Wednesday, June 4, 2014

Maybe It's Not Such a Riddle

As you are likely to know, under the top-2 primary system of yesterday's election, in the fall Jerry Brown - who will certainly win - will face Republican Neel Kashkari.  There was considerable interest in whether Kashkari or Tim Donnelly - a tea party candidate - would take the number two slot.  The GOP business establishment felt that Donnelly would be such an embarrassment that he would hurt Republican candidates in California and even outside the state. 

In the San Francisco Chronicle, political columnist
asks why Gov. Brown did not put resources into "selecting" his November opponent.  The article references the strategy of then-Governor Davis in 2002 who put money into TV ads in the GOP primary aimed at weakening former LA Mayor Richard Riordan.  The column treats Brown's seeming agnosticism about the fate of GOP candidates as a kind of riddle.  Of course, Brown, unlike Davis, knows he will trounce his opponent in November.  But he might care about legislative candidates.  Democrats had a 2/3 majority in the legislature on and off until various scandals brought down three state senators.  Wouldn't the governor like to have 2/3 again?  Wouldn't he like to have Donnelly turn away enough votes for GOP legislative candidates so that the 2/3 would again be achieved?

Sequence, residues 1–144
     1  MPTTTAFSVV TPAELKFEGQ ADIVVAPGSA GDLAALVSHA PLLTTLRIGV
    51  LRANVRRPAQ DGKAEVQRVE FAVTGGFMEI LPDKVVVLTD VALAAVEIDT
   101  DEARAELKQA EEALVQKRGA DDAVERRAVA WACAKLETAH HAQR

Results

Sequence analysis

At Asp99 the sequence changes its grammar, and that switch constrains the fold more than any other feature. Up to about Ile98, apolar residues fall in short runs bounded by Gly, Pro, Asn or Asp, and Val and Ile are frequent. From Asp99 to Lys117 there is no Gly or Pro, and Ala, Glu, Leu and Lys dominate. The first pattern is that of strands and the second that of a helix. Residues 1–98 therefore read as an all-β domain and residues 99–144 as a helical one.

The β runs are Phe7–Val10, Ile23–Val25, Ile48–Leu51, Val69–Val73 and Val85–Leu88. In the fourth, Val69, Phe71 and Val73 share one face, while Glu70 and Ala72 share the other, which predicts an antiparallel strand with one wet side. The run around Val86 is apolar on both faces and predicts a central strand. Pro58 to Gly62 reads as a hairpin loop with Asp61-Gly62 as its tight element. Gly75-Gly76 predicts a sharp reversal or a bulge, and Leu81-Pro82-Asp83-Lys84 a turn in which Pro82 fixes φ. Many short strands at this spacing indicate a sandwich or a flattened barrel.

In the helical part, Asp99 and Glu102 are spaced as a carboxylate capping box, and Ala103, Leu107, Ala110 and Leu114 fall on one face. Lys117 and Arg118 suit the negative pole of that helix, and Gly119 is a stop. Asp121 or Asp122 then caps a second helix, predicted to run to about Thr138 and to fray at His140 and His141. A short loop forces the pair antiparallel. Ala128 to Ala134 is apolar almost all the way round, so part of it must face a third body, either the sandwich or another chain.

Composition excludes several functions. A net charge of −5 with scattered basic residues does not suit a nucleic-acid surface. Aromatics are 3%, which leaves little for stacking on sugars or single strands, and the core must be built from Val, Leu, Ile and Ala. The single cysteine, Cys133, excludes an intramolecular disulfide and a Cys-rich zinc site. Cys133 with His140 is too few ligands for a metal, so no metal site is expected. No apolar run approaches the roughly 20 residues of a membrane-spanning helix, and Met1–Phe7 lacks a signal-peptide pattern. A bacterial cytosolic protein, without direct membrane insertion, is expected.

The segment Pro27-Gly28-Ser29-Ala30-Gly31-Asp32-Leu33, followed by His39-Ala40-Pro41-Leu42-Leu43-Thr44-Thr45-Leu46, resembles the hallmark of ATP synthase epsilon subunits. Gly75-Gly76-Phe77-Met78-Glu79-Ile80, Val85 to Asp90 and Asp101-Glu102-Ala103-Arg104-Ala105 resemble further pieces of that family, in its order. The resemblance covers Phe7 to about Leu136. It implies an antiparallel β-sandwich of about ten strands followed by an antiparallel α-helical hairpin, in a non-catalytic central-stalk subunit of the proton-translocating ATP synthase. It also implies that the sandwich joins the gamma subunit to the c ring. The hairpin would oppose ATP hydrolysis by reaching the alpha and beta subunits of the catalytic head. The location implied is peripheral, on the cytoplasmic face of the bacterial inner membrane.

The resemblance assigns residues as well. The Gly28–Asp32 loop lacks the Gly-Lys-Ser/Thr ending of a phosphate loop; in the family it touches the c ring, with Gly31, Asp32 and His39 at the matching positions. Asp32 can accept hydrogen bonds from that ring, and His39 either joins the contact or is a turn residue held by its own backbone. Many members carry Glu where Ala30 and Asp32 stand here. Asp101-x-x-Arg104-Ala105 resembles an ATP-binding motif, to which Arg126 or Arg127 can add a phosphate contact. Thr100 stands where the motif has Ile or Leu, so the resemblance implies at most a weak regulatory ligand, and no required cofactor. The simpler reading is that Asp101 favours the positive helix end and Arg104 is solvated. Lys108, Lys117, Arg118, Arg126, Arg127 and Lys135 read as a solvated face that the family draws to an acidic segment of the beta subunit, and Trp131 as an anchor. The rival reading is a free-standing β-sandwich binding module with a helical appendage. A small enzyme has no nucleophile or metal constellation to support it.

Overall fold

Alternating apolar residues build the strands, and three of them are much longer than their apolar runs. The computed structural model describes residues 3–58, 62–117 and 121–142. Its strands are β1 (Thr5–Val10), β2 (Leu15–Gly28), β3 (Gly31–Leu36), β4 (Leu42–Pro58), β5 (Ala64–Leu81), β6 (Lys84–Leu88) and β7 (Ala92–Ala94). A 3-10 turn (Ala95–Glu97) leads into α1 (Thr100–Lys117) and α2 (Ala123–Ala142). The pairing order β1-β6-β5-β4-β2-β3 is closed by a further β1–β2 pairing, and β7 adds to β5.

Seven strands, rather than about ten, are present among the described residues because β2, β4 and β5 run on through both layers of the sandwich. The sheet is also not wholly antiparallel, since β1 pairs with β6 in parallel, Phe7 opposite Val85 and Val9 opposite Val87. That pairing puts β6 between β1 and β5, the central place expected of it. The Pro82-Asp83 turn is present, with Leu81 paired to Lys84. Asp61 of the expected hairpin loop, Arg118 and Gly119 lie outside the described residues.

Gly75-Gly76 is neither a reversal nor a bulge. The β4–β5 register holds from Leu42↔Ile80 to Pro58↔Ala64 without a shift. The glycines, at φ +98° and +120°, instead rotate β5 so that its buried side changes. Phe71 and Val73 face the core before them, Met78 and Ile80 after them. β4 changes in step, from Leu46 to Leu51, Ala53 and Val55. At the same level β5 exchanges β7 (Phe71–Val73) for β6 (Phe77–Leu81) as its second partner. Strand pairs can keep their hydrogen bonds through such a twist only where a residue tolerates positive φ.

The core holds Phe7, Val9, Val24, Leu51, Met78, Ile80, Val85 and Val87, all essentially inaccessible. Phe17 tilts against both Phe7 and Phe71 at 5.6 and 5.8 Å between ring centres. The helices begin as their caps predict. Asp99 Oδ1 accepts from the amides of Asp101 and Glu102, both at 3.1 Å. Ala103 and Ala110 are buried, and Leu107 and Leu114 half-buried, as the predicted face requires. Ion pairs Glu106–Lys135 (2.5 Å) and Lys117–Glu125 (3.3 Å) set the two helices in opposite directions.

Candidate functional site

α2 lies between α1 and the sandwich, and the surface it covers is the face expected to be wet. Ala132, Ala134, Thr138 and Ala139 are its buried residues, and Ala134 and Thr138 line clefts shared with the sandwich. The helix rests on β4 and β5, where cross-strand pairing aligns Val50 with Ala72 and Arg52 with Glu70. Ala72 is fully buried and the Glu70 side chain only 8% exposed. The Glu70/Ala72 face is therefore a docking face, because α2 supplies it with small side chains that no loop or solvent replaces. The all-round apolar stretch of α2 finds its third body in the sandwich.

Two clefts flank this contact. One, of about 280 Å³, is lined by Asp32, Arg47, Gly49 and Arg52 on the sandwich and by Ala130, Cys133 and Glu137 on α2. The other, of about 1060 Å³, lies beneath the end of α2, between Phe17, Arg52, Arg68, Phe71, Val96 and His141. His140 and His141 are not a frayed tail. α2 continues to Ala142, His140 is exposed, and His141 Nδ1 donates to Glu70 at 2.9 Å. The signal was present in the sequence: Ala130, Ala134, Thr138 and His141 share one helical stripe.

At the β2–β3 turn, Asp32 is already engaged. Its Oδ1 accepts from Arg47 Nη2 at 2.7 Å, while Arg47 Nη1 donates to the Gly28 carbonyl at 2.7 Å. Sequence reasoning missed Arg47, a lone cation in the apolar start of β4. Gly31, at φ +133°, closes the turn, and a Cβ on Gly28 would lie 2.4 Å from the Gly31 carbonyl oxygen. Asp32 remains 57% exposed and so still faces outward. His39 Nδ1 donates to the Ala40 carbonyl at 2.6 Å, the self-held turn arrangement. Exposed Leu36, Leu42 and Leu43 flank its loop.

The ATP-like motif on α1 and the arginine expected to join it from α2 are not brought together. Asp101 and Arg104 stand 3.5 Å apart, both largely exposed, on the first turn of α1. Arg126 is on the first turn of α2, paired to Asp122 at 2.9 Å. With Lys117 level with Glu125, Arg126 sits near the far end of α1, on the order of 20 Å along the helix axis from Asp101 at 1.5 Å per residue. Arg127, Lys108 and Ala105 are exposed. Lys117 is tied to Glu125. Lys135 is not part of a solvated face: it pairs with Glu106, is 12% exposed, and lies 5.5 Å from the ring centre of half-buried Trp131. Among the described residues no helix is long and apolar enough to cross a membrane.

The answer to the riddle may be that the governor is happier with a strong Democratic majority but one that falls short of 2/3.  Absent 2/3, the legislature can't pass taxes or put constitutional amendments on the ballot - including those which the governor may not like (without GOP support).  Democrats can't override a gubernatorial veto (without GOP support).  On the other hand, budgets can be passed by a simple majority.  Basically, a less-than-2/3 Democratic majority in the legislature tilts authority toward the governor and away from legislative leaders.  Maybe there is no riddle.

The Chronicle's column is at

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